APPELLANT: Our next objection to the charge, Your Honor, we ask that there be included, as with Special Issue Number 2, a burden of proof to guide the jurors as to what the burden is. And we would request that the burden of proof be beyond a reasonable doubt on the State of Texas that they must disprove sufficiency of mitigating *120 circumstances. We feel that the statute as it is in the charge provides the juror with no guidance in answering these questions and to solve this riddle the juror is left to his own personal moral beliefs. The Code's failure to properly place the burden of persuasion regarding mitigation is that the death penalty will be applied arbitrarily, inconsistently and without clear preventative measures to narrow the class of persons eligible for the penalty of death. The 8th Amendment, as it relates to capital murder, stands for the principle that juries in death penalty cases must be constrained by specific standards so that the death penalty is not inflicted in a random and capricious fashion. We believe that, and we request that the Court, as to Special Issue Number 2, place the burden on the State of Texas of disproving the sufficiency of mitigating evidence.

The thrust of this objection is an allegation of error because the charge "fail[s] to properly place the burden of persuasion regarding mitigation...." In his brief on appeal, appellant again contends error because the trial court failed to provide the jury with any instruction as to the burden of proof (or, indeed, a standard of proof). Appellant, by this argument, seems to propound that an instruction as to the burden of proof on the mitigation special issue must be placed to avert juror confusion. He is incorrect. As we expressed, supra, Texas law does not place such a burden on either the State or the defendant. Barnes v. State, supra, at 330. The solution to appellant's perception of speculative juror confusion cannot be to provide an inaccurate legal instruction and erroneously place the burden or standard of proof on the State or defendant. As stated, supra, the federal constitution does not require such an instruction assigning a burden of proof on the mitigation special issue. Hence, the trial court did not err by refusing to give such an instruction. Indeed, the trial court would have erred if it had placed the burden of proof on one side or the other.[17] Appellant's thirty-first point of error is overruled.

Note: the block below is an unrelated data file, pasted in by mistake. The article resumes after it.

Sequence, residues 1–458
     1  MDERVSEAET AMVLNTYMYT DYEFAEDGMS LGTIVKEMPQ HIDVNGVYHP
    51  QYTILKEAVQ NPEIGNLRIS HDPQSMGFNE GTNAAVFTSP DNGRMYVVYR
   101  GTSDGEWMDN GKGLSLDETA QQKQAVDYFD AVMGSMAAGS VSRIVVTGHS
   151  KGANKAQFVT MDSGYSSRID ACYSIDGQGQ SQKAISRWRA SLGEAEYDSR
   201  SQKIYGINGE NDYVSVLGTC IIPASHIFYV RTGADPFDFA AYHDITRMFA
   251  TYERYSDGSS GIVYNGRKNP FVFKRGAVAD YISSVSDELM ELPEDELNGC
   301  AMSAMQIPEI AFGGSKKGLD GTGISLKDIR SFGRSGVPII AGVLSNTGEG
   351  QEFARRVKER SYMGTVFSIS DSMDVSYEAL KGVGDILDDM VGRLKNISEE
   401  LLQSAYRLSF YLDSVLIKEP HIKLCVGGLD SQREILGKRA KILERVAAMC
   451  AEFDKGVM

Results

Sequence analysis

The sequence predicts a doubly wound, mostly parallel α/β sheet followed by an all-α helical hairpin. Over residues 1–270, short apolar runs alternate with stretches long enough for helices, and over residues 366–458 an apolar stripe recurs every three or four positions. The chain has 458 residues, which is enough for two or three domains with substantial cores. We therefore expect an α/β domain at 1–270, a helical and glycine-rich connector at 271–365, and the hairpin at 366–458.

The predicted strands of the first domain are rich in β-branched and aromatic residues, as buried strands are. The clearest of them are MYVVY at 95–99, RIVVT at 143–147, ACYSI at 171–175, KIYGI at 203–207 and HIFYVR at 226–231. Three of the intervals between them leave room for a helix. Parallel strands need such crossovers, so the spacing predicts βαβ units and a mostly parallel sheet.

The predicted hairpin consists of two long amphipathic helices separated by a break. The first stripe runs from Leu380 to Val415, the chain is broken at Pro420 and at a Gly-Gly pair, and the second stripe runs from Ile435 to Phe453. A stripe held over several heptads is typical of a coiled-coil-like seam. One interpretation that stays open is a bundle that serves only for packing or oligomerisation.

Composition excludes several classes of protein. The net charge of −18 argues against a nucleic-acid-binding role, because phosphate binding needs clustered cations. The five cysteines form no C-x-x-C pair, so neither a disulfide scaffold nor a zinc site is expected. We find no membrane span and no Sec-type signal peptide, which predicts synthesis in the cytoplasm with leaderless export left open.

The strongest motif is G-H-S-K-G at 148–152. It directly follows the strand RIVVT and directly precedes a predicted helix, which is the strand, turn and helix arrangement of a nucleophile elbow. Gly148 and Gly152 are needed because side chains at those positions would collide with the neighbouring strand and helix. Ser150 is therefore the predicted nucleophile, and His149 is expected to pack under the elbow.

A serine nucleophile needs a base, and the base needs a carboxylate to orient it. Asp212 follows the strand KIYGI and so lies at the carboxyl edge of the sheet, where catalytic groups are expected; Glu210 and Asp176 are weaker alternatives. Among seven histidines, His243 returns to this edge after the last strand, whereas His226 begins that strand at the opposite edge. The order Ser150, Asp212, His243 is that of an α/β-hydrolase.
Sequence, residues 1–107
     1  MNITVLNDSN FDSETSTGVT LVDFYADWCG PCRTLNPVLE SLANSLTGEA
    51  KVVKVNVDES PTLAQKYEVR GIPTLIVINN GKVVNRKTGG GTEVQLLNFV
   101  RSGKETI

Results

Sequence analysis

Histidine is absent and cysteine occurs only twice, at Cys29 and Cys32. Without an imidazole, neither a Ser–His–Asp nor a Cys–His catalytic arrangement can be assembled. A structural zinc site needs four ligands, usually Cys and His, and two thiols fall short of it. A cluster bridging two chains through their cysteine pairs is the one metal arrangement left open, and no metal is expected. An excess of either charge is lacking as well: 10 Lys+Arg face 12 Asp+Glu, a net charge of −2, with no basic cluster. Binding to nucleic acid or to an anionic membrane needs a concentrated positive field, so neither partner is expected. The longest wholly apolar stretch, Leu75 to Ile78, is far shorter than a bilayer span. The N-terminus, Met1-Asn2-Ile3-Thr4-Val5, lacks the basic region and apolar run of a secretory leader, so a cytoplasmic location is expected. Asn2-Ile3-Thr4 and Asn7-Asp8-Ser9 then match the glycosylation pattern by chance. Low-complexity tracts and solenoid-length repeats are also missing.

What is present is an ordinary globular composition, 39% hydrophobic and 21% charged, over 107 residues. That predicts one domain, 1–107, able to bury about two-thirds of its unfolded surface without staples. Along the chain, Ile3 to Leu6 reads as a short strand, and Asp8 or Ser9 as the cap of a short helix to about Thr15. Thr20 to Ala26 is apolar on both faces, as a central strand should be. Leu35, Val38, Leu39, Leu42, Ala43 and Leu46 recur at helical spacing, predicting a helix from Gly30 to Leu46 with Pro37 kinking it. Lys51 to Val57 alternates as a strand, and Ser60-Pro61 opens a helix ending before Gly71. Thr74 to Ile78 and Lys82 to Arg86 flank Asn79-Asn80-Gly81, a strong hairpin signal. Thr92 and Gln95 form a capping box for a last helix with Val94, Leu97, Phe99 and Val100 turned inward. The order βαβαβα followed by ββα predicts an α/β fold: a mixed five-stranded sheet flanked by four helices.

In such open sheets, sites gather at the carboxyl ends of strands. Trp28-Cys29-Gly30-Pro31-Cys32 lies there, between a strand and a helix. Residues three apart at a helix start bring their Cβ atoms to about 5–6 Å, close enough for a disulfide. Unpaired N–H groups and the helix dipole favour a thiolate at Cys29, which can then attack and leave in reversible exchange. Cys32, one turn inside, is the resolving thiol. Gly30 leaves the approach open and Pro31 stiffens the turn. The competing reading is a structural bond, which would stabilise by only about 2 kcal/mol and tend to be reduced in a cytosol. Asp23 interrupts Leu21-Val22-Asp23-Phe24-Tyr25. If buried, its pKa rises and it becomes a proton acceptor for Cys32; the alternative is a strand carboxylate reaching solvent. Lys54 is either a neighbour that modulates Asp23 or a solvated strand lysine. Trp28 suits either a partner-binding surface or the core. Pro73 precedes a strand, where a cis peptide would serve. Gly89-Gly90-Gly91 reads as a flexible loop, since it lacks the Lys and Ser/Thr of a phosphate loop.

In point of error number thirty-four, appellant propounds error because the trial court instructed the jury to consider, for the purpose of determining the existence of mitigation, only that evidence which rendered the appellant morally less blameworthy. Appellant contends that the ambiguous language of the charge rendered this otherwise permissible instruction confusing. The jurors might have interpreted the charge, appellant insists, to mean that they were only to consider evidence which "rendered the appellant morally less blameworthy" when they answered both Special Issue Two and Special Issue One. Thus, appellant contends the jury was not permitted to consider evidence of his good disciplinary record while incarcerated after arrest under Special Issue One because such evidence did not render the appellant "less blameworthy." In this regard appellant maintains a violation of Penry v. Lynaugh, 492 U.S. 302, 109 S. Ct. 2934, 106 L. Ed. 2d 256 (1989). Appellant is incorrect.